Development of green technologies needs to pick up the pace, study finds
A recent study from a team of researchers at Duke University has found that the development and spread of green technologies will need to drastically quicken in order to meet global greenhouse gas emissions goals set by the Paris Agreement.
Using delayed differential equations, the team calculated the pace at which global per-capita carbon dioxide emissions have increased since the Second Industrial Revolution. The pace at which CO2 emissions have increased was then compared to the rate at which low-carbon emitting technologies have been developed. Once projected population growth was factored in, the team was able to predict the pace of future greenhouse gas emission increases relative to the speed of new innovation in green technology.
The study was led by Gabriele Manoli, former postdoctoral associate at Duke’s Nicholas School of the Environment.
“Based on our calculations, we won’t meet the climate warming goals set by the Paris Agreement unless we speed up the spread of clean technology by a full order of magnitude, or about ten times faster than in the past,” said Manoli. “Radically new strategies to implement technological advances on a global scale and at unprecedented rates are needed if current emissions goals are to be achieved.”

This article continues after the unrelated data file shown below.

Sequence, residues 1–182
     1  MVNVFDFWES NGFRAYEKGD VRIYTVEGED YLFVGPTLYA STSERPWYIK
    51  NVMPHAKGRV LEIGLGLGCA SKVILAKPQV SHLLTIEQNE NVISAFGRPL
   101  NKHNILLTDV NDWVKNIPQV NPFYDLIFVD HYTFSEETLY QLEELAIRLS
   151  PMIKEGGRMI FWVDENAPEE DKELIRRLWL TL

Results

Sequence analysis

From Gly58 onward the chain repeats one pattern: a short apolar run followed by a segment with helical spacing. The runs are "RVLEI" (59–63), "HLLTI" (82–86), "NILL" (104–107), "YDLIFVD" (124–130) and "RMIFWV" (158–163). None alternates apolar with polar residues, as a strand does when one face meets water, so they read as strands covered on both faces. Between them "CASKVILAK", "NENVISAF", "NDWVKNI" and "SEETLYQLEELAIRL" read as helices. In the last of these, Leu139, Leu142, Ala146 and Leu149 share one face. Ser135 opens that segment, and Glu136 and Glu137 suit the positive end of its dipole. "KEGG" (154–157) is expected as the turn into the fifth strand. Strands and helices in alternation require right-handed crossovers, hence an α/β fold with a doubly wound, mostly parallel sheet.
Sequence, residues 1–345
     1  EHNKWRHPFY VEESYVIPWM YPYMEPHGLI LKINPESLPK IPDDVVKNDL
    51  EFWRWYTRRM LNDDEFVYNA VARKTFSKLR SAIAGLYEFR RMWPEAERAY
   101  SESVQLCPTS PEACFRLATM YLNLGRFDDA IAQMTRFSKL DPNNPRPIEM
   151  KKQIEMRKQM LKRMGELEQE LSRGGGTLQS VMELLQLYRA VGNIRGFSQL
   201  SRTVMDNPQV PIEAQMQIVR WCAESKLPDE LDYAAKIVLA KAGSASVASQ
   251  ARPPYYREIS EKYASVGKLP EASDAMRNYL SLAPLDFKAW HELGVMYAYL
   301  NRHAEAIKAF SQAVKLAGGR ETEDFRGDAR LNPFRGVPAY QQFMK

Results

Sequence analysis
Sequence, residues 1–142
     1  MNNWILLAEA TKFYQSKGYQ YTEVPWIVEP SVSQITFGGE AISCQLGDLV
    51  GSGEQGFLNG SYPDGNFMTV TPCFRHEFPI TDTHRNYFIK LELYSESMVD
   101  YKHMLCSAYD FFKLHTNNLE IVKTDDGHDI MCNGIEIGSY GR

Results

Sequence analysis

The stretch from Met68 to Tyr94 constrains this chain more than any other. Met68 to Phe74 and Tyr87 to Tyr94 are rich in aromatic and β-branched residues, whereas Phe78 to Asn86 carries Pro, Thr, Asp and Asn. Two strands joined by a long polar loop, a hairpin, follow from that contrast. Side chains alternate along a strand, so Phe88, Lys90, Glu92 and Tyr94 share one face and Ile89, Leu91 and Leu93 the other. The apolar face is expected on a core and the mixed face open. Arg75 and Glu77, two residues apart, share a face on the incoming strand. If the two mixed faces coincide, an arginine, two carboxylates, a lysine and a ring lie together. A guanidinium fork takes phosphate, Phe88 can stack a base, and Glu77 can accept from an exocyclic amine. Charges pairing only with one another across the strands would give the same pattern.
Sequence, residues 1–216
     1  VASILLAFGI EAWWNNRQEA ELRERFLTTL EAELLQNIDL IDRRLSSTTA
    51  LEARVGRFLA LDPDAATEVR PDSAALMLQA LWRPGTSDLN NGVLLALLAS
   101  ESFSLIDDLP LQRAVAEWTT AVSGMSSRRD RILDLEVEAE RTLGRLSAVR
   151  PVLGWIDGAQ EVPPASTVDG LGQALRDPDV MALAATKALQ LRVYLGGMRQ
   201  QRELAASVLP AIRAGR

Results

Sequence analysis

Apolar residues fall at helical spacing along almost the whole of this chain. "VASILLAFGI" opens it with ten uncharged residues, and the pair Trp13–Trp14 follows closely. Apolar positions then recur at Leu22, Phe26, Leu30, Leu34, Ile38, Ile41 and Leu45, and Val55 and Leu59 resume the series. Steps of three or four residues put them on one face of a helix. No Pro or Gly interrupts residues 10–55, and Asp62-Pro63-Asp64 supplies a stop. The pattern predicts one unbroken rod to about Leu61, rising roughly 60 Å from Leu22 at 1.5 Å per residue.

The studying was published in the journal Earth’s Future.
“It’s no longer enough to have emissions-reducing technologies,” Manoli continued. “We must scale them up and spread them globally at unprecedented speeds.
“Sometimes these lags are technical in nature, but — as recent history amply demonstrates — they also can be caused by political or economic barriers. Whatever the cause, our quantification of the delays historically associated with such challenges shows that a tenfold acceleration in the spread of green technologies is now necessary to cause some delay in the Doomsday Clock.”